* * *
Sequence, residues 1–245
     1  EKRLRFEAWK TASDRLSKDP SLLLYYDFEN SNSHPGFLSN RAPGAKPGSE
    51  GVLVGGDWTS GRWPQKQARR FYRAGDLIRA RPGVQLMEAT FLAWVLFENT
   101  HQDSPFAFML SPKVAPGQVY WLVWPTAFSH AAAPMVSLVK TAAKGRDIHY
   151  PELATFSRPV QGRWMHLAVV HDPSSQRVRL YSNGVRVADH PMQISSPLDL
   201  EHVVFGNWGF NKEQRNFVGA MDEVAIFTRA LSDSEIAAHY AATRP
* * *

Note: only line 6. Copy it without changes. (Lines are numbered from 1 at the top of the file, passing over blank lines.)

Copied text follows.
   201  EHVVFGNWGF NKEQRNFVGA MDEVAIFTRA LSDSEIAAHY AATRP